"I would think that if people look back on the history of how things have changed," she said, "they will recognize that opportunity very often comes out of crisis."
Rice said at the beginning of the conflict that she wants to shape a 'new Middle East' out of the Lebanon disaster. The call for a "New Middle East" only confirms the fears of those in the region that the U.S. goal all along was to weaken Arab influence and expand Israel's. Together with this notion of an opportunity to be had out of the suffering and devastation, the U.S. seems to be positioning itself to take advantage of Israel's assault and invasion of Lebanon in which they were seen as giving their ally a 'green light' to continue their bloody airstrikes by their refusal to call for an immediate cease-fire, and by waiting so long to travel to the region as Israel's reprisals slaughtered hundreds of innocent Lebanese civilians.
Rather than just focusing on the prosecution of Hizbollah, Rice (and the U.S.) will now be seen as muckraking for regime change with their support of Israel's devastating assault on Lebanese territory and infrastructure. This, I predict will cause more in Lebanon to view the routing of Hizbollah as a pretext to Israeli expansion backed by the U.S.
As the Bush regime calls for a "New Middle East", while, at the same time, encouraging and supporting Israel's invasion of Lebanon, they provoke the 'old' Mideast to new and more pernicious means of defense against U.S. imperialism.
"Anyone who wants to argue that the Middle East that has been left behind was one that was stable . . ." Rice argued on MTP, ". . . I think they'll have to make an argument that that was a good Middle East that should have been left untouched."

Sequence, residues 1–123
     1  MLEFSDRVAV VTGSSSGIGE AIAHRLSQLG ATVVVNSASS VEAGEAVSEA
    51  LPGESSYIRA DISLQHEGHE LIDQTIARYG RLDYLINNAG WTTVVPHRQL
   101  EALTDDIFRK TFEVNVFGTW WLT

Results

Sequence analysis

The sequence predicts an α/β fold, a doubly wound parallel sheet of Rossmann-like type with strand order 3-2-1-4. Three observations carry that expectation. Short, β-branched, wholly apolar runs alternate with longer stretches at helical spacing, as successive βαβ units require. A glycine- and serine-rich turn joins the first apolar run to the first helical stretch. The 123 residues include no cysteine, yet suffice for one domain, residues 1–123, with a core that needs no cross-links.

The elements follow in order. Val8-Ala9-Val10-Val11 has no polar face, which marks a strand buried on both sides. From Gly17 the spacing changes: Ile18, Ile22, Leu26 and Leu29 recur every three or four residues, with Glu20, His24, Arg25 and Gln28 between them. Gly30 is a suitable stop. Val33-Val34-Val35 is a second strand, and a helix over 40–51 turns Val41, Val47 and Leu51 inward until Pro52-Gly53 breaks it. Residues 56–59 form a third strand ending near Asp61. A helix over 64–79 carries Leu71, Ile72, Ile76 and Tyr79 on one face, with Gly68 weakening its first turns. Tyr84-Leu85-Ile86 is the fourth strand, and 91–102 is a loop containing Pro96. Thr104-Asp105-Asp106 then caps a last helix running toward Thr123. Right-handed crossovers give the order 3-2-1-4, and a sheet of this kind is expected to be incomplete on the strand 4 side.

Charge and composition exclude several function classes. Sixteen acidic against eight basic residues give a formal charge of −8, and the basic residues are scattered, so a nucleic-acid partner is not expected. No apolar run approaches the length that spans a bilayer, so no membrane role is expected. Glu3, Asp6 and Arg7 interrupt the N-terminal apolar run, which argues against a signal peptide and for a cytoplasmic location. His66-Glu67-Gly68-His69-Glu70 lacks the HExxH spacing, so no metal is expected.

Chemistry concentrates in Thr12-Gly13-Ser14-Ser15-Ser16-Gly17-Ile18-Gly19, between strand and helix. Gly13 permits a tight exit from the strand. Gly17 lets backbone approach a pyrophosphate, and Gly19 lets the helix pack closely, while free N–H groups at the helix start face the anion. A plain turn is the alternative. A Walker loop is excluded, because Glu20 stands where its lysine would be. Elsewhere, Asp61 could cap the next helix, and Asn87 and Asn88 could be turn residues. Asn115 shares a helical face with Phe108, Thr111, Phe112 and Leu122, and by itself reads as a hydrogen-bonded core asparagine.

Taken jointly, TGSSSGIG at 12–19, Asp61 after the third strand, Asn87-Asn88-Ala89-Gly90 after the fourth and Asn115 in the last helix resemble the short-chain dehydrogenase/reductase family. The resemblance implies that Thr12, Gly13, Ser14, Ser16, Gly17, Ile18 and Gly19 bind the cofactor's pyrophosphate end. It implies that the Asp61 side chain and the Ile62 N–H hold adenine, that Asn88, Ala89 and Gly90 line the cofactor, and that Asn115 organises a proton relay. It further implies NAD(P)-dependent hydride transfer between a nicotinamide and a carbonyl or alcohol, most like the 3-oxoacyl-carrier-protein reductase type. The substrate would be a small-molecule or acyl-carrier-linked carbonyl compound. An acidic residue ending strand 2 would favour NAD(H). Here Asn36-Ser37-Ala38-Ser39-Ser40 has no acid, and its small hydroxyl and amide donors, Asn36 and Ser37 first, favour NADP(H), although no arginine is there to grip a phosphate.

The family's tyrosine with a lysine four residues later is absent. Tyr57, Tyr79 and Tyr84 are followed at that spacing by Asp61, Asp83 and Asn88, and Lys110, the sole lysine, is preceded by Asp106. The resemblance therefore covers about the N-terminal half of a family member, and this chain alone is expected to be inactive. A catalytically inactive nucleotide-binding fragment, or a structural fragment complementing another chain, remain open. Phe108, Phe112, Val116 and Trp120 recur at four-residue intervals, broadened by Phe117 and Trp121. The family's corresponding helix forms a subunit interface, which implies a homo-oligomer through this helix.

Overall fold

"The Middle East is not an uninhabited area," he argued, "it has people, governments and our destiny is determined after God's will by its people."
"Yes," Rice told Russert, "it is a time of tremendous turbulence in the Middle East, it's a time of change in the Middle East, and the United States has an obligation to-now to try and, on the basis of the work that has been done, construct and help those in the Middle East construct a better Middle East, there's no doubt about that . . . The notion that there is not opportunity within crisis is ahistorical."
Ahistorical? I don't know about that. But, I do know that folks should feel mighty suspicious when the US comes to give a hand when they're down, with the Bush regime looking to make a U.S. conceived 'opportunity' out of their misfortune.
Russert confronted Rice with the criticism of former Bush administration official, Richard Haass, who he said, laughed at the president's public optimism. "An opportunity?" Russert quoted Haass as saying, "If this is an opportunity, what's Iraq? A once-in-a-lifetime chance?'"
"You know, Tim," Rice countered, "the Chinese have a character for crisis. It's weiji-danger and opportunity. I think they have it right. Every crisis has within it danger, but every crisis also has within it opportunity. And this president is determined to seize opportunities, to bring about a different kind of Middle East"
"The administration has an irrational fear that talking is a sign of weakness," Russert told Rice. "Why not go to Syria and talk directly to the Syrians?"
Rice countered that there was an embassy in Syria, but failed to mention that the U.S. had withdrawn our ambassador there over the Hariri assassination months ago. "The problem isn't talking to Syria," Rice answered, "The problem is that Syria doesn't act when people talk to them."